Explain to students that manners are not only a matter of personal interactions and demonstrations of respect; manners are a matter of international diplomacy. Also explain to students that the word for manners and etiquette at a state or international level is protocol.
The sources below will help students gain an understanding of White House protocol and United States diplomacy. Direct students to review the sources below and to report back on the differences between researching information on the internet and researching information in a library by using the following questions as guides:
1. What are the credentials of the individuals who compiled information available on the Internet and authors of books?
2. Which process is faster and why?
3. Which process provides the most in-depth information and why?
4. Which process provides the most reliable information and why?
Once students have completed their review of materials have a class discussion using the above questions.
Brainstorm with students the different components of state dinners, state funerals, protocol and diplomacy from their review of the literature (i.e. the role of the first lady, the Cold War, Lincoln’s funeral))
End this lesson by having each student select one segment of the overall lesson, research it more in-depth and then teach the class what they learned.
Anthony, Carl Sferrazza. First Ladies: The Saga of the Presidents’ Wives and their Power, 1789-1961. New York: HarperCollins, 1990.
Buchanan, Wiley. Red Carpet at the White House: Four Years as Chief of Protocol in the Eisenhower Administration. New York: Dutton, 1984.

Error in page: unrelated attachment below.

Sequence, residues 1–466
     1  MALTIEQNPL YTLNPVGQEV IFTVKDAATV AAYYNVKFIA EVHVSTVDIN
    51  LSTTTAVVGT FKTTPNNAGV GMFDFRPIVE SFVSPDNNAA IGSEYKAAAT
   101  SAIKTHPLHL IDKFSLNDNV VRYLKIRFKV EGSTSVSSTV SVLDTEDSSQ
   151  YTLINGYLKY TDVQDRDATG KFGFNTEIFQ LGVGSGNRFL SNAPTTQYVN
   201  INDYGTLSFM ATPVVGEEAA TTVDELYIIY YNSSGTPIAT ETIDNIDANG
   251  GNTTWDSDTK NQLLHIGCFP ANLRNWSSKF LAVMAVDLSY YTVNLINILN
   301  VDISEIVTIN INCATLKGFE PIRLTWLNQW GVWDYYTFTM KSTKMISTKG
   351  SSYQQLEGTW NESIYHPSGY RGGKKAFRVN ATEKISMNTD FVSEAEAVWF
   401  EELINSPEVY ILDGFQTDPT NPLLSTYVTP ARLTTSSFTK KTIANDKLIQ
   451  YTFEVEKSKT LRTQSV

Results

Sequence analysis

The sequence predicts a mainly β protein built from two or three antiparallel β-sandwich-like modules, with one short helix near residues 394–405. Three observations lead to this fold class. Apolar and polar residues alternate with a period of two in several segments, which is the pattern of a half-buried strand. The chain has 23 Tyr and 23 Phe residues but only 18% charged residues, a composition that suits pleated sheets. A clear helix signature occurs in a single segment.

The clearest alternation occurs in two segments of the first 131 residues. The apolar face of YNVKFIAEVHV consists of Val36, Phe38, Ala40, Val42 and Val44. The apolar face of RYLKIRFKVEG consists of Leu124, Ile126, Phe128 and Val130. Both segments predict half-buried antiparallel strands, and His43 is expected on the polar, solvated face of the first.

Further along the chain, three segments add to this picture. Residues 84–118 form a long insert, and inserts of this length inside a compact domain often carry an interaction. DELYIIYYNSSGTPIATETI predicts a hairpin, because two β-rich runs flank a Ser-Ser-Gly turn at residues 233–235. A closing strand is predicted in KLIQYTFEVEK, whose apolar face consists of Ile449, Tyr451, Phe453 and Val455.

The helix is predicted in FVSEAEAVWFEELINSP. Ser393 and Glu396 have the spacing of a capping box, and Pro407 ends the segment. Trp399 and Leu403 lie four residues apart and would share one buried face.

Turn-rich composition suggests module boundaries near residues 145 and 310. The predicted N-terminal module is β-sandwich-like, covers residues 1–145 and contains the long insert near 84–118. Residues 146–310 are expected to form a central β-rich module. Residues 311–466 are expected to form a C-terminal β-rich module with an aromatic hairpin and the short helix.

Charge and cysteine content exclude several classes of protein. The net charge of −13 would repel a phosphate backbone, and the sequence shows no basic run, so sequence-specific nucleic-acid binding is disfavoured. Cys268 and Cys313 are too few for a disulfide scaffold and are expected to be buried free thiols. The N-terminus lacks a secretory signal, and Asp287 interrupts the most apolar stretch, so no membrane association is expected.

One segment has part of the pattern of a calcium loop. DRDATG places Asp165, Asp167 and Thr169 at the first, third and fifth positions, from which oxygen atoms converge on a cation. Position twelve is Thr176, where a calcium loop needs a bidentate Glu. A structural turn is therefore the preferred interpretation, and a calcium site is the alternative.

Caldwell, Mark. A Short History of Rudeness: Manners, Morals, and Misbehavior in Modern America. New York: St. Martin’s Press, 1999.
Carol, Betty Boyd. Inside the White House. Pleasantville: Readers Digest, 1999.
Clinton, Hillary Rodham. An Invitation to the White House: At Home with History. New York: Simon & Schuster, 2000.
Dembinski, Ludwik. The Modern Law of Diplomacy: External Missions of States and International Organizations. Hingham: Kluwer Academic Publishers, 1988.
Eban, Abba Solomon. Diplomacy for the Next Century. New Haven: Yale University Press, 1998.
Garlik, Harry. Final Curtain: State Funerals and the Theatre of Power. Atlanta: Rodopi B. B, 1999.
Geert, Hofstede. Culture’s Consequences, Comparing Values, Behaviors, Institutions, and Organizations Across Nations. Thousands Oaks: Sage Publications, 2001.
Heffner, Richard D. A Documentary History of the United States: Seventh Revised Edition. New York: Penguin Group, 2002.
Hillenbrand, Martin Joseph. Fragments of Our Time: Memoirs of a Diplomat. Athens: University of Georgia Press, 1998.
Jonas, Manfred. The United States and Germany: A Diplomatic History. Ithaca: Cornell University Press, 1984.
Klose, Nelson and Lader, Curt. United States History Since 1865. Hauppauge: Barron’s Educational Series, 2001.
Patterson, James T. Grand Expectations: The United States, 1945-1974. New York: Oxford University Press, 1996.
Richardson, Dick. Decisions and Diplomacy: Essays in Twentieth Century International History. New York: routledge, 1995.
Schlesinger, Arthur Meier. The Cycles of American History. New York: Houghton Mifflin, 1986.
Smith, Joseph. The United States and Latin America: A History of American Diplomacy, 1776-2000. New York: Routledge, 2005.
Watson, Robert P. Life in the White House: A Social History of the First Family and the President’s House. Albany: State University of New York Press, 2004.
Whitcomb, John and Whitcomb, Claire. Real Life at the White House: 200 Years of Daily Life at America’s Most Famous Residence. New York: Routledge, 2002.
Office of the Chief of Protocol
Ceremonial Division of the Office of the Chief of Protocol
Protocol and State Funerals
White House Time Machine
U. S. Diplomatic History
White House State Dinner Links
George Washington's Rules of Civility & Decent Behaviour In Company and Conversation
International Manners and Etiquette
Cross Cultural Comparisons of Manners
This lesson was written by Debra L. Clark, Kent State University.